Successful Wrap Up of 2022 Cedarburg Reads...and Writes!
“My New York Times Best Seller book, Whistling in the Dark, was rejected over 150 times,” confessed Lesley Kagen (right). Published in 2007, this was the first book Kagen ever wrote. “Self doubt is a writer’s constant companion,” she told the audience gathered for Cedarburg Reads and Writes final event. “Keep writing, don’t give up,” she concluded before announcing the winners of the first-ever Cedarburg Writes contest.
In total, 30 original short stories or creative nonfiction/memoirs based on the theme of “Hometown Memories” were received. Clare Birmingham took top honors in the adult category with her story entitled “A Eulogy of Home”. In this heart-felt story, the author writes about having to say good-bye to her childhood home and the memories created within those walls. The writer relays the ups and downs of growing up in an old house with humor and emotion.
Marie LaRose, won the High School category with “After the Light”, a haunting story about a 60-year-old man who has just died. As he is being transported to be laid to rest in his childhood cemetery, his spirit offers a grumpy perspective about his final journey, the town he’ll be buried in, and the miserable life he led. Suddenly a boy, apparently a ghost of his younger self, is seen running alongside the hearse and meets them at the grave site with a message for the deceased.
Erin S., Grades 6-8 category, wrote “Dear Small Town”. The first sentence reads: “I know you and you know me.” In this story, Stank exchanges letters with her hometown and reminisces about the good times and not so good times growing up there. She asks the hometown if it remembers those times. “Of course” is the response which adds: “I know someday you’ll leave ... but your impact will forever remain here.”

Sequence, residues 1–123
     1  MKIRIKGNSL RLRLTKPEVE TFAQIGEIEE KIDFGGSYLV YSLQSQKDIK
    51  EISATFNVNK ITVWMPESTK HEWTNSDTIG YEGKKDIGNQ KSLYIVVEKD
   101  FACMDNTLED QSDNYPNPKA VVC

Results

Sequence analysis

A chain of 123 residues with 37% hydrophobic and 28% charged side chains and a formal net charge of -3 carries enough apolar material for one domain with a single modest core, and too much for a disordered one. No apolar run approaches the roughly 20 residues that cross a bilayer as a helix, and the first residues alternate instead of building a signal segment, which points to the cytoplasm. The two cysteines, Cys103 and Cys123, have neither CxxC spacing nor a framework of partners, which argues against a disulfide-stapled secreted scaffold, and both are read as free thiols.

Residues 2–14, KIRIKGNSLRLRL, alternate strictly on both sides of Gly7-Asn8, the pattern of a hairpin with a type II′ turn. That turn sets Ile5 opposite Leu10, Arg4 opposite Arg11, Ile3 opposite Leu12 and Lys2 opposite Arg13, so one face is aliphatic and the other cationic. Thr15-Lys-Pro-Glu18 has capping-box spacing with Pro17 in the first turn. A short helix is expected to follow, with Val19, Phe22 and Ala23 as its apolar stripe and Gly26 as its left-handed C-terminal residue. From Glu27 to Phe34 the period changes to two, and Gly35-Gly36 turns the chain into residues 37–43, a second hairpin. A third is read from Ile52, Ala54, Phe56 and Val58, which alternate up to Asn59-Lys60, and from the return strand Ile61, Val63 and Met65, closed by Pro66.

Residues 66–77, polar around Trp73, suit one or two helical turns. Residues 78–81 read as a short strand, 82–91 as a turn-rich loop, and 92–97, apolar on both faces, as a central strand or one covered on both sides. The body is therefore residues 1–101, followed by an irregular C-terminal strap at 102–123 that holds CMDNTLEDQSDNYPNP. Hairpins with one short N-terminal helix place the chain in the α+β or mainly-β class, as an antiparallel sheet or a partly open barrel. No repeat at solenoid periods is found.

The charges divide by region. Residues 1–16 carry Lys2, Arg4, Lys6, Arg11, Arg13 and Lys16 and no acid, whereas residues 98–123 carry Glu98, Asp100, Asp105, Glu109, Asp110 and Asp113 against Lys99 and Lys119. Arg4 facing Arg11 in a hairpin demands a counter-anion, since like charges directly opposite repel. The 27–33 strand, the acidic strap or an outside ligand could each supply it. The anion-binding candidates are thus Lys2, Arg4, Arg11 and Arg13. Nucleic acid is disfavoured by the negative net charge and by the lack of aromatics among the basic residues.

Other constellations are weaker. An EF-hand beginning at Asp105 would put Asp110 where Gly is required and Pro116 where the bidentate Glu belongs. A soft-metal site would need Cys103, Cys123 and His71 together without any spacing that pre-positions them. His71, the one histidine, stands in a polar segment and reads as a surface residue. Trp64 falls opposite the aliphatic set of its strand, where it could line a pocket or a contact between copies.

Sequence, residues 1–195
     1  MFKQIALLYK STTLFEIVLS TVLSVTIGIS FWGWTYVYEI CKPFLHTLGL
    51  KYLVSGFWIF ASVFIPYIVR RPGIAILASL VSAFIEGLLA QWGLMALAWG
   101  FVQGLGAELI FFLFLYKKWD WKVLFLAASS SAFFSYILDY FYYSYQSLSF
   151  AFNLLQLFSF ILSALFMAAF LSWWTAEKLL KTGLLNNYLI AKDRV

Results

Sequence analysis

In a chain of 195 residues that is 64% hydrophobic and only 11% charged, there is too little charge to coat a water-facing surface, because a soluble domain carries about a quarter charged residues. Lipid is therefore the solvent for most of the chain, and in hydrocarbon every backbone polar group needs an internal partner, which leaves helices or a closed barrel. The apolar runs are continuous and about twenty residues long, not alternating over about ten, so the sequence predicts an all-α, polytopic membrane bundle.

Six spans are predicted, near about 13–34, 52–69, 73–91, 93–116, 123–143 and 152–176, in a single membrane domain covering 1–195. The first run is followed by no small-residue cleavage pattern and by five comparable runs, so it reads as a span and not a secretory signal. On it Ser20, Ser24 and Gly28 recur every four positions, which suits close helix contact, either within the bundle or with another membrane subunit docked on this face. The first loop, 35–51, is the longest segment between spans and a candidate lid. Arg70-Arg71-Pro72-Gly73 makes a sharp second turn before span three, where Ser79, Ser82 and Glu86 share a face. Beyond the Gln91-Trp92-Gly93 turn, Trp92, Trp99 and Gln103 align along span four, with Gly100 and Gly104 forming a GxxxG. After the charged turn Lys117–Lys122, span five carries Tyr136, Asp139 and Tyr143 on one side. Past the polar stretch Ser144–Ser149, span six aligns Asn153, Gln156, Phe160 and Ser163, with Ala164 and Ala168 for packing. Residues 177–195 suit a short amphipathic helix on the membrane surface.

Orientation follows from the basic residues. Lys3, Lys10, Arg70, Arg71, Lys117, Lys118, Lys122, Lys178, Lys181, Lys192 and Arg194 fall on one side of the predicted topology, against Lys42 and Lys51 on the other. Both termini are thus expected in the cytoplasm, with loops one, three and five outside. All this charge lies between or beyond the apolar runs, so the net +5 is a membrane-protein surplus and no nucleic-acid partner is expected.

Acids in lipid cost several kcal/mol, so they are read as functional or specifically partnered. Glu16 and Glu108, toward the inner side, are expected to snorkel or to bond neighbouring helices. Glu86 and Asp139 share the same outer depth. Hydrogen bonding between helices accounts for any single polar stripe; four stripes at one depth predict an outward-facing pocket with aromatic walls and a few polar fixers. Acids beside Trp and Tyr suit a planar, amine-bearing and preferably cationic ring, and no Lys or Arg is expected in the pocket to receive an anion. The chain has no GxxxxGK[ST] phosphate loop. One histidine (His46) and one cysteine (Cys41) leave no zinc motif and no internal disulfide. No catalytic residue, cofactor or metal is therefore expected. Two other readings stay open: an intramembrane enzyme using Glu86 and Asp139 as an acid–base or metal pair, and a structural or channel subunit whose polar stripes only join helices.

Grades 3-5 category had a tie for first place between Emmett Barry and Emmalyn Griffin. Barry wrote “Hometown Memories” about a youngster who recalls how it felt when his family picked up and left Chicago to move to Cedarburg to open a retail business. He came home from school that last day of second grade and found the house empty except for a single roll of toilet paper. It made him feel sad, but by the time they arrived in Cedarburg and settled into their new home, he realized that he had a whole other life ahead of him to make memories.
Griffin’s entry, “How You Speak Human?”, told a story about living in Cedarburg from a pet’s point of view. She tells the tale of two dogs who escape from their “humans” and got disoriented. But alas, “Ranger,” the police canine comes to their rescue. When the dogs are reunited with their owners, they can finally understand the words spoken from their “humans.”
“We were thrilled with the turnout,” said Jean O’Keefe, Chair of Cedarburg Reads and Writes. “The judges said it was difficult to choose winners as the writing was by far some of the best they’ve seen…and yes, this will become part of our annual Reads event,” she added.
Cedarburg Reads and Writes is underwritten by the Cedarburg Friends of the Library, a non-profit organization dedicated to supporting the Library and community outreach.